Aero took care of flight connections to Sweden and Germany in collaboration with Swedish ABA and German Lufthansa. As Aero's foreman, Vilho Saarisalo made sure by his accurate instructions that the aircraft were always in perfect condition before take-off. This wasn't always self-evident, as the war took a toll on experienced men. Even boys would do already, and so I too joined up in early February 1944. Two-shift work helping a few qualified mechanics, that's what it was, and there wasn't anything romantic about it. For one unforgettable moment, the toil became lighter to bear when I glimpsed the famous German singer Ilse Werner flit by from a Junkers and felt the sweet smell of perfume in my nostrils like a greeting from civilization.
The Bombing Raids on Helsinki in February 1944
Helsinki had been spared mass bombing raids. To protect the capital, a whole squadron of Messerschmitt Bf 109's had been stationed at Malmi under the command of captain Pauli Ervi. On the evening of Sunday 6 February, the feeling of safety was lost in Helsinki and its surroundings. No one had even dreamed that such a raid could exist. About 400 aircraft bombed the city, and the alert continued all night - about 11 hours. A total mass bombing was a fact now, with damages to match. Helsinki was now in for it, and this was just the beginning.
Our military command was on top of the situation and asked the Germans for assistance. 12 Messerschmitt Bf 109 nightfighters arrived from Budapest. In daytime, Finnish Merc pilots took care of the defense, and in nighttime it was a job for the German pilots trained for night operations.
The nightfighters just made it to the second mass bombing raid, but the results were terrible. The Germans hadn't fully cleared their operational plans with the anti-aircraft artillery, and as a result our own AA fired at the Germans too. After 1am there were only enemy bombers left flying in the middle of intense anti-aircraft fire. During the third bombing raid (about 1100 aircraft), the Germans succeeded better and shot down four bombers. The effect of this operation on morale was probably bigger than its actual military effectiveness, but the city was spared of complete destruction.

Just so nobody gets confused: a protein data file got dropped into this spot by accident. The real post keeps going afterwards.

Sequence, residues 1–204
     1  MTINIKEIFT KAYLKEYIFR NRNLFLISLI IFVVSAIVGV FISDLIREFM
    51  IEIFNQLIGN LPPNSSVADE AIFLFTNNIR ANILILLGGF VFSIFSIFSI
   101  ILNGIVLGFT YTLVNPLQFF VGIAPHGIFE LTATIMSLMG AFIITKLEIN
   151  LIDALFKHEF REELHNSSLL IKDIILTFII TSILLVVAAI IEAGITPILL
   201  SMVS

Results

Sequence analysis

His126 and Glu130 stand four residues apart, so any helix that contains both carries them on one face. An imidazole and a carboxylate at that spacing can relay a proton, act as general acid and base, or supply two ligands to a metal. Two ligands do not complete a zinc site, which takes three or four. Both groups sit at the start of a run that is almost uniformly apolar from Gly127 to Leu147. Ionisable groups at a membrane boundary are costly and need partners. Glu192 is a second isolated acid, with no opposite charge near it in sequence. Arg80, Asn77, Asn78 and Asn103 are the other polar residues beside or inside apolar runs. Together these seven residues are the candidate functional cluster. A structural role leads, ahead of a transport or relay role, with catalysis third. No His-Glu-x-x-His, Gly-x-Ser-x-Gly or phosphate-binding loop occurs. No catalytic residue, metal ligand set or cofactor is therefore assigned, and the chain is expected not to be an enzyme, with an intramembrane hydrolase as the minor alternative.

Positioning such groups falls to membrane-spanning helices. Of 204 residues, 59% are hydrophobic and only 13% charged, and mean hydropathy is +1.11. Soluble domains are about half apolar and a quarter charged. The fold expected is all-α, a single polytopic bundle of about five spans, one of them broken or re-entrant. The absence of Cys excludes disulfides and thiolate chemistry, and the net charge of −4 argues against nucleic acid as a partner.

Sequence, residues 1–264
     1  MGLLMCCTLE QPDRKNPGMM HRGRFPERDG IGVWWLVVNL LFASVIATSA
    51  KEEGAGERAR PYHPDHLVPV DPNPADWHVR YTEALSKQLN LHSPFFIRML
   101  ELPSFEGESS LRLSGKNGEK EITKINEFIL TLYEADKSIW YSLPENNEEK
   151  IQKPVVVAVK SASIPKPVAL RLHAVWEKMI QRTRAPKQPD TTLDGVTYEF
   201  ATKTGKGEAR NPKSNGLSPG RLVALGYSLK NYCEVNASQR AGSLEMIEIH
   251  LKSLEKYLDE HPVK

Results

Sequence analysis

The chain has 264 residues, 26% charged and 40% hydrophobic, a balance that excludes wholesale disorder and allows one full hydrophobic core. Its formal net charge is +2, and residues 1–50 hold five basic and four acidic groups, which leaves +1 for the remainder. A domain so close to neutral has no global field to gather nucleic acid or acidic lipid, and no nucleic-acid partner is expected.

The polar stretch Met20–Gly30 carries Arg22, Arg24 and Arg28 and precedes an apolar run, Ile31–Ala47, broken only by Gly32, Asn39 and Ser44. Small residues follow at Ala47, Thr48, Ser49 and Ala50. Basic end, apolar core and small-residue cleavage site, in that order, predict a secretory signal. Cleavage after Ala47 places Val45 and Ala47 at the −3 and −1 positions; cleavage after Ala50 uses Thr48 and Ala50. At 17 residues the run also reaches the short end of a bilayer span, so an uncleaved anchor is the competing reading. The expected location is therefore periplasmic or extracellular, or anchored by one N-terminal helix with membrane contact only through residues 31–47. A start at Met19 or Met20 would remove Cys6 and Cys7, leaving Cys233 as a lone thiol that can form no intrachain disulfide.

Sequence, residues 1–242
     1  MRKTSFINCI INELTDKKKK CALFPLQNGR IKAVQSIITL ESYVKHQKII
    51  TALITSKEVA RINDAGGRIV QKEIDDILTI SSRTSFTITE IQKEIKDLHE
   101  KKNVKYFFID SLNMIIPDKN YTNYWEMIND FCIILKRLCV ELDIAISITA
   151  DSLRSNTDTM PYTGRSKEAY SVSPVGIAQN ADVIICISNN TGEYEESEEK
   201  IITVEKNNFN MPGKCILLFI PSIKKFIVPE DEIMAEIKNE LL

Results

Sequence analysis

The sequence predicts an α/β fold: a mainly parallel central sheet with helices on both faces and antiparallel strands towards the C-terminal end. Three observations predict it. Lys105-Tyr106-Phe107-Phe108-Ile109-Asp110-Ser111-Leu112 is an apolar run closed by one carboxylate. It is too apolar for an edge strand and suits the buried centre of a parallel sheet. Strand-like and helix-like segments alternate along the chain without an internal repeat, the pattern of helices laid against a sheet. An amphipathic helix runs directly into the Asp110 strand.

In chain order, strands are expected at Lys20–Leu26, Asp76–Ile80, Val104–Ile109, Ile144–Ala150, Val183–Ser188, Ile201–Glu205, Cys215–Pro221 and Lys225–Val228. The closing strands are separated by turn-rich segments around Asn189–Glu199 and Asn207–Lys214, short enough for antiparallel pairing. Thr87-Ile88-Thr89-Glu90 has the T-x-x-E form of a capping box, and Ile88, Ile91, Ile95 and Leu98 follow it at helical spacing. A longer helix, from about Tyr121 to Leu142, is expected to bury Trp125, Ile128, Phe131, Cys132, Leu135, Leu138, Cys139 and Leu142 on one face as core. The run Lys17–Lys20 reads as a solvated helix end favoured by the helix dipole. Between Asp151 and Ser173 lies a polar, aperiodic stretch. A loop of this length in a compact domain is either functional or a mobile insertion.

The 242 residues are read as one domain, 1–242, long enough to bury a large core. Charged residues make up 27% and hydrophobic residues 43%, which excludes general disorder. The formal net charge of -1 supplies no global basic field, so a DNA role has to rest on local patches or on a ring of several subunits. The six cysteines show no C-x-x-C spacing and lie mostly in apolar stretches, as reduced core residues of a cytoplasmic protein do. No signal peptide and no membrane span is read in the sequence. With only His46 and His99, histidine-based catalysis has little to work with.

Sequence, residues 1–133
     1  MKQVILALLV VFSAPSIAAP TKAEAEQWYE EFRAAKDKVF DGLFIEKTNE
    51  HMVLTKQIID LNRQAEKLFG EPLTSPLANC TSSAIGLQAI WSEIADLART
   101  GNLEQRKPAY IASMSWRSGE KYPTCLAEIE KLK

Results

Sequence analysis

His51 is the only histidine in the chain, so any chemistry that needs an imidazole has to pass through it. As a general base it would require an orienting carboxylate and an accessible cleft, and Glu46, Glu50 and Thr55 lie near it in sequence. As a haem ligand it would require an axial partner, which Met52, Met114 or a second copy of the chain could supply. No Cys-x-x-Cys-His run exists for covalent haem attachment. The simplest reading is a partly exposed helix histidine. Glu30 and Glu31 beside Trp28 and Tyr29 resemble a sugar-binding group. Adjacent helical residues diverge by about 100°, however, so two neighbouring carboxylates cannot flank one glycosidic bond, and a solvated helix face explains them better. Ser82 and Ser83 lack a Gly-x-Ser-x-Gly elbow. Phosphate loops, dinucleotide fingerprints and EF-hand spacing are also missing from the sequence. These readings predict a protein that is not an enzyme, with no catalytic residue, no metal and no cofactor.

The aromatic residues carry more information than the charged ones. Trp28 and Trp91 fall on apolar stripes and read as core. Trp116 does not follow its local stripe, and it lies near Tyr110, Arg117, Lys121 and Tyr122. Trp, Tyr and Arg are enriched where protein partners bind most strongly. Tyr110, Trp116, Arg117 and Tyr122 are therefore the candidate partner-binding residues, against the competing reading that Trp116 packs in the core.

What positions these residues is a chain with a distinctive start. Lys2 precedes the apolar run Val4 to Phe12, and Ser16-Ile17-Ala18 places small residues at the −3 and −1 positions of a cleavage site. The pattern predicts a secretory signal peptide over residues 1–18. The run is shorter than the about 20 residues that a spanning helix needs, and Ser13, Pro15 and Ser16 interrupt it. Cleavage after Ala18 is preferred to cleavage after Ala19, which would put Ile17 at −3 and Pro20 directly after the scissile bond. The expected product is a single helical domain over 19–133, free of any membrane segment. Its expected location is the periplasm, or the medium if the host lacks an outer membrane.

|Aero's day shift in a family portrait.
I have an experience of my own related to the events mentioned above. Wiser after the first raid, Aero's Saarisalo had given the order to the evening shift workers that whenever the "silent alarm" for the nightfighters was heard and seen flashing on the buzzers of the Airport, everyone was free to go wherever they wanted. It was known from earlier experience that bombs started whistling about twenty minutes after the alarm. There was nothing else to do but just run over the airfield kicking up clouds of snow. I just made it along the footpaths to the vicinity of the Ormusmäki bomb shelter, when the first barrages exploded lighting up the sky.
The bombing raids ceased and Malmi Airport was spared of destruction. The war went on along its course, and clear signs of the shape of things to come were already evident to everyone.
During the war, passenger aircraft were always dispersed overnight along the edges of the Airport to diminish damages in case of a bombing raid. In wintertime this succeeded well, but when the ground had thawed there were problems. Many times we would dig up a Junkers or a DC-2 from the bog, swearing and torturing the tractor. In the silent hours of the night, Tattarinsuo had sucked a firm grip on man's creations and made a fool of technology.
The diggers knew exactly how heavy aircraft the ground could support, but no one bothered to ask them.
The Skies of Malmi Filled with Aircraft